Municipality’s financial crisis?

2017-09-06 06:01

DA caucus leader in the Msunduzi Council, Sibongiseni­ Majola, lambasted the municipality’s debt management, calling it a “crisis­”.

According to a January meter reading report at the municipality as of January, households make up 68% of the debt owed to the municipality, commercial entities make up 22%, organs of state make up three percent and the seven percent is owed by other institutions.

As of January 31, the money owed to the municipality for trade services rendered reflected an increase of R75,9 million in outstanding debt compared to the previous month, bringing the total to R1,81 billion.

Majola said the observation the DA made about the debt owed is that the municipality is failing to tell communities about the indigent policy­ so they can register for it and if they qualify, can benefit from it.

According to the indigent policy, a household that makes a total income of R3 780 per month qualifies to benefit.

Majola said the low figures of households registered as indigent customers compromises the municipality’s equitable share.

The equitable share is an unconditional grant that enables municipalities to provide basic services to poor households, and enables municipalities with limited resources to afford basic administrative and governance capacity and perform core municipal functions.

He asked how the municipality had allowed a situation where businesses continued to owe for services rendered without implementing the debtors’ policy.

In the report two commercial establishments were anticipated for the collection of services rendered in Ward 1, Sweetwaters, however, the report states that no meters were read.

Majola said this is a clear indication that the report is misleading because the area in question, where he is a resident, not only has more than two commercial establishments, it also has households and organs of state, including schools that are not reflected in the report.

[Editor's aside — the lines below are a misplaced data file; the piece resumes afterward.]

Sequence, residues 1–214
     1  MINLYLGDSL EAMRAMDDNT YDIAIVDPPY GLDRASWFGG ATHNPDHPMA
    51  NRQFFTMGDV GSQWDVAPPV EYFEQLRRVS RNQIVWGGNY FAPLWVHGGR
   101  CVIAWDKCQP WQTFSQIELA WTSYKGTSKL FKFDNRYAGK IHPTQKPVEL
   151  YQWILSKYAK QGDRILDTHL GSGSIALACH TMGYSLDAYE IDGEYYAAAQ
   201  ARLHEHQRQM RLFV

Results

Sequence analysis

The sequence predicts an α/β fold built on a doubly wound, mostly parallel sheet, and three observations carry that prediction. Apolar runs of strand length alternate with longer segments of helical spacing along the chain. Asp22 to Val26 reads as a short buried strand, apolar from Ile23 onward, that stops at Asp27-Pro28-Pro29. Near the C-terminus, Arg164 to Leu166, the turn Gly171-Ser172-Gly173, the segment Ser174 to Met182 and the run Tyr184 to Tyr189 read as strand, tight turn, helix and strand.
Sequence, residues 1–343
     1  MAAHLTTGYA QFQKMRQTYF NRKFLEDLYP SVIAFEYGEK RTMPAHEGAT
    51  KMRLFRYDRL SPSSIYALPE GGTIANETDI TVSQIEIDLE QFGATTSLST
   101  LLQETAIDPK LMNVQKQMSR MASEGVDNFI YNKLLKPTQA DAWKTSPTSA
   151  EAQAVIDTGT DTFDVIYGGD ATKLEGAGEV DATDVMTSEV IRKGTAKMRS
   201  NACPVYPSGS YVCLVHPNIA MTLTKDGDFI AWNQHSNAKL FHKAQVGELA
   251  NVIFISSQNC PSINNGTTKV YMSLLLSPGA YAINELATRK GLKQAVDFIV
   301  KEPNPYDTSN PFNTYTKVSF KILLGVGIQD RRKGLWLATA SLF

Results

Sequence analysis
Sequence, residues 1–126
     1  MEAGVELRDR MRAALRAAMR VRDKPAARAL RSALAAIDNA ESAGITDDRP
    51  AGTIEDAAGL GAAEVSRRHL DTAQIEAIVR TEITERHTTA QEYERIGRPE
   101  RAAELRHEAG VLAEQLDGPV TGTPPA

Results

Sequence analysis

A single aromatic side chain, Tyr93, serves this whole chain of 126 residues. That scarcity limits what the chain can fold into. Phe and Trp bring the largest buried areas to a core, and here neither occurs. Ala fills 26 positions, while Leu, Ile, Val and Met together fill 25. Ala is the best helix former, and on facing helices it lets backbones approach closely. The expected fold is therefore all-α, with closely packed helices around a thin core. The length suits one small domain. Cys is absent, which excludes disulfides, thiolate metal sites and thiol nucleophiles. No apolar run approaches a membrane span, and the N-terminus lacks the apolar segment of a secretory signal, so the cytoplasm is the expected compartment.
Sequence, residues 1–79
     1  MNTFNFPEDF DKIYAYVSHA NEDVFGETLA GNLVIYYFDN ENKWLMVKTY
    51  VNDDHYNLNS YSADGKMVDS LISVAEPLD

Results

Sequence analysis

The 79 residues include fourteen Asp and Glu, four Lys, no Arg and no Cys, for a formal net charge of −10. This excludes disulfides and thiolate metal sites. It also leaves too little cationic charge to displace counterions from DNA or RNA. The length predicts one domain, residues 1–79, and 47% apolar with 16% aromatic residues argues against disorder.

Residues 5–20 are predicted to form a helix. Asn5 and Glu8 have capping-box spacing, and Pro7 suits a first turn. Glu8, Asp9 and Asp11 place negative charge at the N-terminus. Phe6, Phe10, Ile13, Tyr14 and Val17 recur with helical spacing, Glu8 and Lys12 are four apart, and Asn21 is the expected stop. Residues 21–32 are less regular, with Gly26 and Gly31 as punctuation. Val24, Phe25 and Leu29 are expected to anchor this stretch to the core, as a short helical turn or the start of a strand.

He questioned how the municipality would then be able to draft a realistic budget if such reporting continues.

The report does not contain data for wards 2, 3, 4, 5 and 6 and does not state how much the municipality collected through prepaid electricity meters said Majola.

Last Wednesday, August 23, the January 2017 report was submitted for consideration by the financial service portfolio committee for the recommendation in respect of section 71 of the municipal financial management act (MFMA).

Majola said this shows how the municipality has failed to comply with the legislated stages of reporting in terms of the financial status of the municipality which, he said, are section 71 which deals with monthly reporting, section 52 (b), which is quarterly reporting and the mid-year budget adjustment, which is section 28.

The first stage of reporting as per section 71 of the MFMA is done 10 working days after the end of each month, the accounting officer, the municipal manager, must submit, in a prescribed format, to the mayor and relevant provincial treasury a statement reflecting the state of the municipality’s budget.

The second stage of reporting as per section 52, b, of the MFMA is done quarterly within 30 days of the end of each quarter, by then a report to council on the implementation of the budget and financial status of affairs of the municipality must have been submitted.

Majola said this is non-compliance by the municipality considering the report in question is being submitted in a new financial year, 2017/2018, when it is from the previous one and has slipped through monthly and quarterly reporting of the previous financial year, 2016/2017.

A request for comment was sent to the Msunduzi Municipality, but a response had not been received at the time of going to print.

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